Community Relations

Moving Beyond Suburban Sprawl & Big-Box Development in Ogden, Utah

High density mixed-use development provides cities with the greatest return per acre in property tax revenue. And the numbers confirm that premise.


OGDEN Land use decisions directly affect a city’s long term fiscal health.

Such is the core belief of Strong Towns, a nonprofit advocacy organization that aims to replace the decades-old mindset of suburban sprawl and big-box development with something more sustainable.

As Strong Towns sees it, high density mixed-use development provides cities with the greatest return per acre in property tax revenue. And the numbers confirm that premise.

The 220,000 square foot Walmart built on 34 acres had a taxable value of $20 million. Its per-acre tax bill came to $6,500

The taxable value of the downtown 54,000 square foot building on .19 acre came to $11 million with a corresponding tax bill of $634,000 per acre. 

“This is not important because we love multistory buildings or density. It doesn’t have anything to do with aesthetics,” Strong Towns Program Director Rachel Quednau said in her 2017 article. “Rather, it’s important because that simple six-story building uses just a few dozen yards of street and sidewalk and pipe while generating tons of revenue for the city.”

In contrast, Quednau noted that Walmart’s massive use of public infrastructure places ongoing demands on the city’s budget.

While Strong Towns and Urban3 might not be the final word on community planning and growth, municipal development staff are heeding their findings.

The Ogden Walmart on Wall Avenue. Another generic big-box store.

Balanced approach

In 2017, Ogden’s Community and Economic Development team asked Urban3 to determine where the city’s highest and most valuable property was located. It turned out to be the city’s compact and dense downtown.

Brandon Cooper, Ogden CED Director, said that Urban3’s conclusion was “one of the things we’ve really doubled down on.”

“Our job was to return services back to the community as a result of their tax payment,” Cooper said, adding that, “we can’t just continue to tax people into prosperity.”

The Ogden Walmart at 1959 Wall Avenue, built in 2010, consists of a 147,560 square foot structure on 15.6 acres. Valued at $11,652,000, its 2022 tax bill came to $146,303 or $9,360 per acre.

We compared it to the south side of the lower block of Historic 25th Street, where structures reach three stories and fit snugly side by side.

Some buildings date back to 1887, while the newest were constructed by 2005. When combined, those 13 properties cover just over one acre (1.06), with structures adding up to 44,213 square feet and a total taxable value of $5,743,601. Their 2022 tax bills came to $68,201 or $64,341 per acre.

The downtown Tower View Apartments, built in 2016, offer another interesting comparison to Walmart. Built on 1.58 acres, the three-story 305,444 square foot structure at 2276 Washington Blvd. has a taxable value of $30.4 million. Its 2022 tax bill came to $212,264 or $134,345 per acre.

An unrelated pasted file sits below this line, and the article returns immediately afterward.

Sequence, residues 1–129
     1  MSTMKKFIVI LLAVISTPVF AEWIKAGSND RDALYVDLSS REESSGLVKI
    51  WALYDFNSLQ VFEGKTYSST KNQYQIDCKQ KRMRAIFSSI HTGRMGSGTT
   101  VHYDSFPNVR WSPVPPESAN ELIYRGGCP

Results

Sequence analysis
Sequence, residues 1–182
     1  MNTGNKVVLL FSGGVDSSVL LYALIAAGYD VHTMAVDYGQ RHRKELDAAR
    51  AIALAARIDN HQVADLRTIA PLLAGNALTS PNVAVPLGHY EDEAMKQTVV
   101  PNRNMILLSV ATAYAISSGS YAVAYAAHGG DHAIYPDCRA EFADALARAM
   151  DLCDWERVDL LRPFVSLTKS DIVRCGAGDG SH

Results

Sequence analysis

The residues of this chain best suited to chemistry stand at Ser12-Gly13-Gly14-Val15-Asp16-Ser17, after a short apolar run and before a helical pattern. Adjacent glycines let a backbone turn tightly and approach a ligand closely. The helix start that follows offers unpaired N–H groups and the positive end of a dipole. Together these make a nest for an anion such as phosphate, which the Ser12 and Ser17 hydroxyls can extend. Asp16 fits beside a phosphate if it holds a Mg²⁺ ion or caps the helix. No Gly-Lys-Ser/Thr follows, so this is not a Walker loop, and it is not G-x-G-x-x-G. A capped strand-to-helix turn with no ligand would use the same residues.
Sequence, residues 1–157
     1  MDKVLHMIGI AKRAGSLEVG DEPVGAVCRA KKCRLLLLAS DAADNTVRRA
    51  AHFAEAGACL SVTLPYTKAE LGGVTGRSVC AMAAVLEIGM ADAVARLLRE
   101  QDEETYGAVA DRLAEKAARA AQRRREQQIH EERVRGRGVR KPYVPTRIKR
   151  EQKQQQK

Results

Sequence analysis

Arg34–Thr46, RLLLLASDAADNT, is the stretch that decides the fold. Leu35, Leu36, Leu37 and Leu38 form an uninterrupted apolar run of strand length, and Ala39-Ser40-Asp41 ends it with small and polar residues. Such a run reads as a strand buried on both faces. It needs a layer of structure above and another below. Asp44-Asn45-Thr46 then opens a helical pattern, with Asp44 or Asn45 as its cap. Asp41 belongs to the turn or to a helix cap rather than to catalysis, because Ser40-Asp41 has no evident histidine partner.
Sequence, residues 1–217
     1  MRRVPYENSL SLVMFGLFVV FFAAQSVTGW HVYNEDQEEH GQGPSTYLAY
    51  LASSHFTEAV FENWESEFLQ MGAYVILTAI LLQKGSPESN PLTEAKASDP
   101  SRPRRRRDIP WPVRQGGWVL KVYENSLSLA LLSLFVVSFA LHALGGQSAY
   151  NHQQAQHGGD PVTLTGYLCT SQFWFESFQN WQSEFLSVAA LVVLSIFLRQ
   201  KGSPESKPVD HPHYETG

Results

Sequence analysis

These are compelling figures, but for a city that stretches across several unique neighborhoods and districts, Cooper sees the need to take more factors into account when it comes to community planning.

For example, property tax falls into two categories: real and personal. The larger buildings at Business Depot Ogden might yield lower per-acre tax value, but some might also house expensive machines that yield significant personal property tax revenue. 

“So all of that is taxed and comes to the benefit of the city,” Cooper said.

But Strong Towns and Urban3 continue to influence development in and around the city’s core.

A few blocks east of downtown, the long-vacant lot at 24th Street and Monroe Boulevard once the home to an IGA grocery and Rite-Aid drug store is finally slated for mixed-use development that should launch in early 2023.

“It will have a smaller grocery store, and some smaller retail … and it will largely be residential housing,” Cooper said, describing it as a microcosm of developing the balance needed to achieve sustainability.

Megan Townsend, Community and Economic Director for the Wasatch Front Regional Council, provided a multi-county perspective.

“As a general principle, it’s very wise for a city to look at the bottom line and plan for both quality of life and fiscal sustainability,” Townsend said in support of Strong Towns and Urban3 models especially for core downtowns and surrounding neighborhoods.

But she cautioned against a one-size-fits-all approach, saying that planners must also take into account  a city’s existing conditions, fiscal needs and the things that make it unique.

“Diving into the weeds for every neighborhood is really important,” Townsend said.


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